Optin Monster

Collapse

Announcement

Collapse
No announcement yet.

Backing

Collapse
X
 
  • Filter
  • Time
  • Show
Clear All
new posts

  • Backing

    hey everyone, i was wondering what people had to offer for suggestions for backing. i just finished some cuffs and leg bands for my son. they are lazy stitch. i asked around and people told me to back it with canvas and some plastic/cardboard/stiff material in between the 2 canvas' to help keep its shape. then go around the edges with some sort of tape. can't remember the name off hand. anyway, i was hoping to get some good suggestions as to what works the best and what kind of material presents problems or what to avoid. any help would be greatly appreciated because it took me a while to finish them. thanx much.

  • #2
    When I make regalia pieces I usually bead on canvas, then use heat-n-bond to attach a soft cotton backing, then whip-stitch around the edges and then add a bead edging. I wouldn't use a plastic stiffener for cuffs, because you want them flexible enough so that they don't rub on your arms. I use plastic for stiffening barrettes, or things that REALLY need to be solid. But for those cuffs, between the beadwork itself and the heat-n-bond it should be stiff enough to hold it's shape and still be flexible enough to wear.

    Comment


    • #3
      I've made cuffs and armbands using the same method that Lightningflash does and it has worked very well. Cardboard will disintegrate eventually and will get yucky if you sweat on it or get it wet. The plastic can break if you use needlepoint plastic. If nothing else, it can chafe. Depending upon how thick the canvas is, you can double it if you need to.

      Comment


      • #4
        sounds good. . my friend told me to back it with a thicker canvas material and then a nice satin cloth to make it look good. . . he told me to sew some bias (not sure about spelling) tape around the edges. then, i want to sew the fringed bucksin to the back of the finished product. that way, i can change my son's buckskin when it starts to get old and tired. can you get the heat and bond at a fabric store and will they know about how thick the cotton will need to be? is it just a slight layer? what do you think about the process my friend told me? thanks much. I would rather do it the right way instead of go half a** and cut corners.

        Comment


        • #5
          Hi,
          I just joined and if you haven't finished your cuffs yet, try interfaceing, like they use in shirt collers. There are all different weights of this material and it works great for many beaded things that you want a little stiff, but bery flexible.

          Comment


          • #6
            Just read on the beaded crown topic that fun foam could be used. Anyone else try that?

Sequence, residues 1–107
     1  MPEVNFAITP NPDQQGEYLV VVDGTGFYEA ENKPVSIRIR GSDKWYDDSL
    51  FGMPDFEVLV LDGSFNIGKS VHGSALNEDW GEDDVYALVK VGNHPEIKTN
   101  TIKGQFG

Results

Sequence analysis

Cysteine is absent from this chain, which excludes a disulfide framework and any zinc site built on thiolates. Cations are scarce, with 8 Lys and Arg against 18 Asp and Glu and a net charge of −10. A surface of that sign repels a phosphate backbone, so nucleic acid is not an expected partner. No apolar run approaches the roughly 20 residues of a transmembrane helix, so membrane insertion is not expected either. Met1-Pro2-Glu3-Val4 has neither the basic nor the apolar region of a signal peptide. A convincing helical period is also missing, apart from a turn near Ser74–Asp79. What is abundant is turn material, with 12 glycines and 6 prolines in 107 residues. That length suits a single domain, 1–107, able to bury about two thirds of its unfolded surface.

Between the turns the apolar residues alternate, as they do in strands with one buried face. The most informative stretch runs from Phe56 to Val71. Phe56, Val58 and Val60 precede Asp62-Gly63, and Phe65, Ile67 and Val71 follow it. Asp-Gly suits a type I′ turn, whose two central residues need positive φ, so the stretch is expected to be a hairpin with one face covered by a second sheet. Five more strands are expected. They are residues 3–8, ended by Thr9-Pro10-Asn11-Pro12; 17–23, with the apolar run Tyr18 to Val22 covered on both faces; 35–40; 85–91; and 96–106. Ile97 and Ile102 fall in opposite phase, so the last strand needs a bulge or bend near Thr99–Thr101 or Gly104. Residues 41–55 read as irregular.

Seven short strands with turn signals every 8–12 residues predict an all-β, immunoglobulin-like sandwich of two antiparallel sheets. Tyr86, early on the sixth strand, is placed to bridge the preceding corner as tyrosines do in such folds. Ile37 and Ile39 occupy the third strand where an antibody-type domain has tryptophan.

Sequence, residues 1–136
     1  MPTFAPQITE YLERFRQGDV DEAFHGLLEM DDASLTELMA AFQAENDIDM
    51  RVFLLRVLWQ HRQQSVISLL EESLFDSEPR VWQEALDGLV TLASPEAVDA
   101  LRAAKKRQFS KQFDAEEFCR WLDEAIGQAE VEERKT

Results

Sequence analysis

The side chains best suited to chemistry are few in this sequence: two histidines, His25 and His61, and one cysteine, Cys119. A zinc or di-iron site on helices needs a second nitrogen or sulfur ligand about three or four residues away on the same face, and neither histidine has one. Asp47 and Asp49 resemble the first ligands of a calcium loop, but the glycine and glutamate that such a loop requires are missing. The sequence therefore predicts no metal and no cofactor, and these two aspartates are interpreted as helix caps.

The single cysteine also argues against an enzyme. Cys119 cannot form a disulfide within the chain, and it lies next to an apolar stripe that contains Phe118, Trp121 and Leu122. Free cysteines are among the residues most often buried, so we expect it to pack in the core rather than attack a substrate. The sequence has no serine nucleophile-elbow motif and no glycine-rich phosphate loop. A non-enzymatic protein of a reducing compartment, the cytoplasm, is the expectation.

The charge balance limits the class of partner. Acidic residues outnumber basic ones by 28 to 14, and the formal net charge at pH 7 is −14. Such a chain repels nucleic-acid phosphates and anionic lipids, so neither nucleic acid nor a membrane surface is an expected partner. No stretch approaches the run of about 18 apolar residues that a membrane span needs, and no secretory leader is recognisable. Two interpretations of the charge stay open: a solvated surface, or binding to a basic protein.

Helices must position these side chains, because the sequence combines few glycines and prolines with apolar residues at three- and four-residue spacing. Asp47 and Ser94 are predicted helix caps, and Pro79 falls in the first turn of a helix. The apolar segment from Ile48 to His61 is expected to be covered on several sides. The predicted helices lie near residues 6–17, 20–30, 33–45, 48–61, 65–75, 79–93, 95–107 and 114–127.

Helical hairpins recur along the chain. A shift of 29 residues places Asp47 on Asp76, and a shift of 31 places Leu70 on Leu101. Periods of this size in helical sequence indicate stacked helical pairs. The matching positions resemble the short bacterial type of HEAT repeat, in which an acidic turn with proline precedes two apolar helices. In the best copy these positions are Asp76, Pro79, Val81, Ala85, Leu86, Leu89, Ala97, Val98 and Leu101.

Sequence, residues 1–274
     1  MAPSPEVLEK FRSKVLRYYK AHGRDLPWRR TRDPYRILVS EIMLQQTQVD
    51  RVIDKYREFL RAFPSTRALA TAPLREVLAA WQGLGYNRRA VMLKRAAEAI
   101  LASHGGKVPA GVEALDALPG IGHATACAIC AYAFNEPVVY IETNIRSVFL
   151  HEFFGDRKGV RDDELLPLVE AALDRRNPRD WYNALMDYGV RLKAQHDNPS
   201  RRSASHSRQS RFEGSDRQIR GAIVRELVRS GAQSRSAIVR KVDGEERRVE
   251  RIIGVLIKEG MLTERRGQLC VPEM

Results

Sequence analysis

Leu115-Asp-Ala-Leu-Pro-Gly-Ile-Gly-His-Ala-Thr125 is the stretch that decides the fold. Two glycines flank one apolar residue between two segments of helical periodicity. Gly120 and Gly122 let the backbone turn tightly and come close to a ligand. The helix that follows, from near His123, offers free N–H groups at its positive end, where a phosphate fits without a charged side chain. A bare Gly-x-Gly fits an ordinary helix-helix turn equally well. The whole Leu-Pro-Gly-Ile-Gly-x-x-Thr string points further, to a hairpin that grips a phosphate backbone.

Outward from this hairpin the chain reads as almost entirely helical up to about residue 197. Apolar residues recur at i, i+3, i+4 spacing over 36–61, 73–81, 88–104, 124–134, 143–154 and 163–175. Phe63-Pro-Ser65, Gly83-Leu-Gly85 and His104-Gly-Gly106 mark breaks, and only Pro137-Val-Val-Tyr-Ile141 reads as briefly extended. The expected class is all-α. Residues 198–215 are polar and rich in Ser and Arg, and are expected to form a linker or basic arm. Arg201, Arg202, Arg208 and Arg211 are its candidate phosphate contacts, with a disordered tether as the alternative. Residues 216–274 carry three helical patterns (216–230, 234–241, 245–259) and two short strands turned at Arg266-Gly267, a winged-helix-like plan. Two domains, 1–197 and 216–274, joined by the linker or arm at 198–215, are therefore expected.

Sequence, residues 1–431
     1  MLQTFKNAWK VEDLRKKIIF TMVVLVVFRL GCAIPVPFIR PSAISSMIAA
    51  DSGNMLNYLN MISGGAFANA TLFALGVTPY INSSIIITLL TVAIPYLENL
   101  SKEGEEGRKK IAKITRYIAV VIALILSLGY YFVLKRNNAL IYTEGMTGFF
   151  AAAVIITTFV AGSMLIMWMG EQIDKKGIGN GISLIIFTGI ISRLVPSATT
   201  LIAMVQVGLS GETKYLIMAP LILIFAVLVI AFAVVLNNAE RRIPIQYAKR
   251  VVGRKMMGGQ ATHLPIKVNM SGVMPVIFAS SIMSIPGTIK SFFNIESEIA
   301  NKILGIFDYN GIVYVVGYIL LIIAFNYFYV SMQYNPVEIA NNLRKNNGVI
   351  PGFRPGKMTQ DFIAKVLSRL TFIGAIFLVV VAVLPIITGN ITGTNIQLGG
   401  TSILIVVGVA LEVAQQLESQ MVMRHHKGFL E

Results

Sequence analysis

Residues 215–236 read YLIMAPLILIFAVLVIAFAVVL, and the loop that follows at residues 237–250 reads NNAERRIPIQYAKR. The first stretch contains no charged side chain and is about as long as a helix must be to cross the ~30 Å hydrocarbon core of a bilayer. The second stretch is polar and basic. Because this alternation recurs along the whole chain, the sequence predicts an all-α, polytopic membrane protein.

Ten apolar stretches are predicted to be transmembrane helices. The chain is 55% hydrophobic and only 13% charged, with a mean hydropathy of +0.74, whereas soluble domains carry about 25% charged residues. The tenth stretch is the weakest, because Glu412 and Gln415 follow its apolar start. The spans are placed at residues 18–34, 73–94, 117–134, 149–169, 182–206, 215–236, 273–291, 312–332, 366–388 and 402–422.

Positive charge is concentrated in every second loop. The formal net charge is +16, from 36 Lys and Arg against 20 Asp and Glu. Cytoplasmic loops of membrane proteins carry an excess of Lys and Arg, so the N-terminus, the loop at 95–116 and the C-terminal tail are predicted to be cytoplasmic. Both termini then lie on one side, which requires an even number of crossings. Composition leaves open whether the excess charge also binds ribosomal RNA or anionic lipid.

"We see it as a desecration not only of a mountain but of our way of life. This is a genocidal issue to us. If they kill this mountain, they kill our way of life." ~Debra White Plume

            Comment


            • #7
              That is what I backed my crown with and what I am backing my daughter's crown with also. It is wonderful stuff to bead on and does'nt break down or deteriorate! I was suggesting this to another gal on here for the same thing..crowns. It makes beadign easier and faster and with great results! My crown can be seen in the gallery under women's cloth dancing.
              Don't worry that it's not good enough for anyone else to hear... just sing, sing a song.sigpic

              Comment


              • #8
                I use canvas, doubled over if it is too thin. On the back of the canvas I put masking tape (easier to line up rows). after the beadwork is done I put duct(duck)tape then a material backing. the duct tape keeps the sweat from damaging the thread.
                The brighter the light, the deeper the shadow.

                Comment


                • #9
                  Leather is always good, that brown buckskin that those hobbyists use (the cheapest kind) is the best to use as backing. Since noone can see it, its put to use, and its still leather, so it'll move and breathe, as far as if you've already got loomwork off, then put canvas on the back, then put it on whatever you're using it on, for example, if you're making side drops, put it on the canvas, then sew the canvas to the leather.

                  Comment

                  Join the online community forum celebrating Native American Culture, Pow Wows, tribes, music, art, and history.

                  Loading...

                  Trending

                  Collapse

                  There are no results that meet this criteria.

                  Sidebar Ad

                  Collapse
                  Working...
                  X